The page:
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Can you take them on?

May 27, 2013

enter image description hereSaturday’s murderous Naxalite attack in the central Indian state of Chhattisgarh, in which three senior Congress party leaders and nearly 50 others were either killed or wounded, is a wake-up call for the government.

For some time now, the Congress-led federal government and the state governments, run by different political parties in the country’s large central forest belt, had started believing their rhetoric that they were winning the battle against the Naxalites, as the Indian Maoists are called.

This attack took place in the sprawling Maoist stronghold of Bastar where the State’s presence is confined to a few isolated paramilitary camps. Maoists run a parallel government.

Senior Congress leaders Mahendra Karma and Nand Kumar Patel were shot dead by a large number of armed Naxalites, who cut off the road and were then reported to have engaged in continuous firing on the party convoy heading to Jagdalpur town.

Chhattisgarh state is ruled by the Bharatiya Janata Party (BJP), which is at loggerheads with the Congress politically.

A former central information minister and senior Congress leader, Vidya Charan Shukla (84), was critically injured. Seen with his bloody clothes, Shukla is under treatment in hospital. At least one account says that Shukla was lying wounded till a bunch of reporters reached the site of the attack.

Till late Saturday, it was believed that Chhattisgarh Congress party chief Nandlal Patel and his son had been abducted, but on Sunday morning television channels began reporting that their bodies had been found.

Given that there were no security personnel on the spot to secure the site where Congress leaders and workers were massacred, it’s hardly surprising that the bodies of Patel and his son were found only a day later.

Mahendra Karma has been a Naxalite target for quite a while given that he was instrumental in setting up the Salwa Judum organisation, a government-supported front of armed tribals, to assist in armed operations against the Naxalites.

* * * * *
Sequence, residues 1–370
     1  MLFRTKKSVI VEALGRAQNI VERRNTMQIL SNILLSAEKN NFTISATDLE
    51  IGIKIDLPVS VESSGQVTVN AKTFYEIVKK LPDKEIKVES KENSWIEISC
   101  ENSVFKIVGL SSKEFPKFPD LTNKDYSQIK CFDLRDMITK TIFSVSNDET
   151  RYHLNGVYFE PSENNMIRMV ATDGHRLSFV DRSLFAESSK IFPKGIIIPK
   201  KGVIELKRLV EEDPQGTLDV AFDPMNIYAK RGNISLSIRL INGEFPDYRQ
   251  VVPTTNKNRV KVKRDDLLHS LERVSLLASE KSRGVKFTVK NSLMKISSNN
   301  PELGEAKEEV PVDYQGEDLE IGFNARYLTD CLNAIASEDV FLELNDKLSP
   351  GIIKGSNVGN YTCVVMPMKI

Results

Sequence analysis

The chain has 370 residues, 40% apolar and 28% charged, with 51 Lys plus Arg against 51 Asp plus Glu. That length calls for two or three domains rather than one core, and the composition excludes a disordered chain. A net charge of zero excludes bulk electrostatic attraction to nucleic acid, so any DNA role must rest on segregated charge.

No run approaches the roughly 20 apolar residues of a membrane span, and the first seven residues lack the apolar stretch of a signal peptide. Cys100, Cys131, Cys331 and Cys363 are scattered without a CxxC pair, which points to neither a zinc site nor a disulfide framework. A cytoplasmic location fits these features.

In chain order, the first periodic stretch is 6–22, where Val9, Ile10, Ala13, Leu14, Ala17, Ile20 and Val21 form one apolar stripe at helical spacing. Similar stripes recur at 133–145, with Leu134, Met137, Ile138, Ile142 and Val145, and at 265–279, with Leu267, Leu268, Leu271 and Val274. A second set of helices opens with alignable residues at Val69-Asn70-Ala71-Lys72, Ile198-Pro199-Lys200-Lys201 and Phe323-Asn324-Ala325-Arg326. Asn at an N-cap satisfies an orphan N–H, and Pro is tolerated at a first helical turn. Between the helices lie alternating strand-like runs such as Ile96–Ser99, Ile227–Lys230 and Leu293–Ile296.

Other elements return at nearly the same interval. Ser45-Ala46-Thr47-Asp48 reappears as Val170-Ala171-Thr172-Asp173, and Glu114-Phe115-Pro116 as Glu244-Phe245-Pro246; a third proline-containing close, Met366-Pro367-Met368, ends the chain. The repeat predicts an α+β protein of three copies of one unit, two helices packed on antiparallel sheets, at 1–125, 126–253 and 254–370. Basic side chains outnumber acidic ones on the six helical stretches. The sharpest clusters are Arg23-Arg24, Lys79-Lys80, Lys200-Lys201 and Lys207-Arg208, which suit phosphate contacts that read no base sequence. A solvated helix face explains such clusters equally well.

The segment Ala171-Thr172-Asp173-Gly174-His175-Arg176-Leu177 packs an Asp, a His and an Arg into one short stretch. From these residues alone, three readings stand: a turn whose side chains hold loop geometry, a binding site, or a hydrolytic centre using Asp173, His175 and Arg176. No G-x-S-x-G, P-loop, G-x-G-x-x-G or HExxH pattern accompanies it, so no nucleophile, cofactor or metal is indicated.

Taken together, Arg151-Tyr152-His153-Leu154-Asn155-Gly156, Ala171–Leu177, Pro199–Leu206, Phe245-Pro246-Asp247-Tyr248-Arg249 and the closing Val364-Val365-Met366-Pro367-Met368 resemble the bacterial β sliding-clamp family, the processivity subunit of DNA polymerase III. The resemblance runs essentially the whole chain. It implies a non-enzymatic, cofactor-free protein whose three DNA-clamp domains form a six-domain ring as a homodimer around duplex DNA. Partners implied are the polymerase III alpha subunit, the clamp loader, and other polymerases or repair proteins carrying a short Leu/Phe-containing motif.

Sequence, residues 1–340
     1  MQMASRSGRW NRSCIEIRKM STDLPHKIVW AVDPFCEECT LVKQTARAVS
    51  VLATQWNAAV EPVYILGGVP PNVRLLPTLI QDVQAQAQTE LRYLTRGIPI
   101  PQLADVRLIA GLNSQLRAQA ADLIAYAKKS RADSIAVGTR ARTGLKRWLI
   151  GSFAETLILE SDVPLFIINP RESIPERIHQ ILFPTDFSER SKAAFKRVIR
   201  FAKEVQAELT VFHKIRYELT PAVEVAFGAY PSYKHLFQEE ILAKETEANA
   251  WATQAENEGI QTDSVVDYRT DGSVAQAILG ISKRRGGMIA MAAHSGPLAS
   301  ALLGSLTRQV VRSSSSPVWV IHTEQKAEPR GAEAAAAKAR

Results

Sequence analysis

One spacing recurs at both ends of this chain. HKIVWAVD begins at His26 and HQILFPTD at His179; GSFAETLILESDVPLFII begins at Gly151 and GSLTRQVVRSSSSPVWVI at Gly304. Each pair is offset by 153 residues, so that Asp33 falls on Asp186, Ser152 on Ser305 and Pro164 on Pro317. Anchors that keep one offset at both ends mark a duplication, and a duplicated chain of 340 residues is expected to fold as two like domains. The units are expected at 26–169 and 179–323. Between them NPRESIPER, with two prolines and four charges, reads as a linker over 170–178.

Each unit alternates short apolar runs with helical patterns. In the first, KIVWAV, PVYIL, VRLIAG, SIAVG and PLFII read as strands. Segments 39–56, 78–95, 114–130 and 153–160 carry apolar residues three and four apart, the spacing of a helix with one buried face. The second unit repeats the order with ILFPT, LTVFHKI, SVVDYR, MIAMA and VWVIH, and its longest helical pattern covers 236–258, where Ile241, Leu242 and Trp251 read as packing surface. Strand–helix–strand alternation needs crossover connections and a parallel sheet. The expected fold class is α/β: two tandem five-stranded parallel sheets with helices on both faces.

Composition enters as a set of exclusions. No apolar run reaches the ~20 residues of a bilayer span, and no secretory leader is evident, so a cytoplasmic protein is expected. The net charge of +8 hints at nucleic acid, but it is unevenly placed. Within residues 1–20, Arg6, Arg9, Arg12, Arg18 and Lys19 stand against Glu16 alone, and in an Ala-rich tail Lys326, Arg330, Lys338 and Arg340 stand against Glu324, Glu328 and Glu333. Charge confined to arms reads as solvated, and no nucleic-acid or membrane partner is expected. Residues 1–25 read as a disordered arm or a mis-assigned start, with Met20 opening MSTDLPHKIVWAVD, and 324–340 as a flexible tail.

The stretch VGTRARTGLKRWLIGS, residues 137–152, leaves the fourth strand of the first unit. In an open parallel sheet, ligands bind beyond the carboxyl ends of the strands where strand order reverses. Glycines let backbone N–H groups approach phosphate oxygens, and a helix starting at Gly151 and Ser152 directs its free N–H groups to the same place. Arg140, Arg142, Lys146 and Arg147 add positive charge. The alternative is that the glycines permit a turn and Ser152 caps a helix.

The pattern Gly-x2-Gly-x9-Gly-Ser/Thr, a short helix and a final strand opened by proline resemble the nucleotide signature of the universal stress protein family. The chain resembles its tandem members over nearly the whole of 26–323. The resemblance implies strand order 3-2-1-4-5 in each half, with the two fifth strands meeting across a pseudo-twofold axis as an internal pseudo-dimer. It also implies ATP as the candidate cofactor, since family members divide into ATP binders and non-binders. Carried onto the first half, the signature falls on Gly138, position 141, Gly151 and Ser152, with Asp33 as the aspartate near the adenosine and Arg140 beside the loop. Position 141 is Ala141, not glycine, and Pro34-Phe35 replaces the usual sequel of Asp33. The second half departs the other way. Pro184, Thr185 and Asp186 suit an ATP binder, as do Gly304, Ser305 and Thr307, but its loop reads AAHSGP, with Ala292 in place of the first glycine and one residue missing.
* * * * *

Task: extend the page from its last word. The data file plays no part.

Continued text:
Formally known as the Communist Party of India (Maoist), the Naxalites are active in the states of Chhattisgarh, Madhya Pradesh, Andhra Pradesh, Orissa, Jharkhand and parts of Bihar and West Bengal. They believe in overthrowing the Indian State through armed struggle.

Known for their audacious attacks on security personnel, the Naxalites are known to have a long memory in targeting those who opposed them. In 1993, they killed a senior police officer, K.S. Vyas, in a Hyderabad cricket stadium while he was jogging.

N. Chandrababu Naidu, chief minister of Andhra Pradesh, narrowly escaped being assassinated by the Naxalites in October 2003.

In 2005, hundreds of armed Maoists descended on Jehanabad jail in Bihar and rescued 250 of their associates. They have attacked security personnel time and again, displaying to the world at large their lethal capabilities.

Though their list of murders and attacks is long, Saturday’s Chhattisgarh massacre is possibly the most high-profile attack staged by the Naxalites ever in terms of going up the political chain.

Last year, the Naxalites kidnapped the Collector of Sukma district in Chhattisgarh, Alex Paul Menon, only to release him after a gruelling 12 days of custody.

In the case of the Congress leaders under attack, they appeared to have no intentions of taking them into custody. They were especially vicious against Mahendra Karma, who was reportedly beaten with rifle butts before being shot several times, eyewitness accounts suggest.

Ashutosh Bhardawaj, Raipur-based reporter for the Indian Express newspaper, said in a piece Sunday that the Naxalite attack came in the wake of the Congress party’s “intensified efforts to reach out to tribal-dominated Bastar (division) in recent months. With Assembly elections due this year, the party’s top brass had been visiting the region regularly...

Whatever may have been the desperation of the Congress in reaching out to the tribals in the five districts of Bastar division, the fact is that basic security protocols have not been followed – all leaders travelling in a single convoy being only one of them.

Prime Minister Manmohan Singh has repeatedly described Naxalism as India’s biggest security challenge, but other than the usual brutal, law and order approach, precious little has been done to tackle the Maoists. Given that top Congress leaders have been targeted, India will see high-decibel media coverage for a few days about the menace posed by the Maoists.

Afterwards, it will be business-as-usual. India’s remote war – far away from the big cities of Delhi and Mumbai -- will recede into the background again – till the next attack.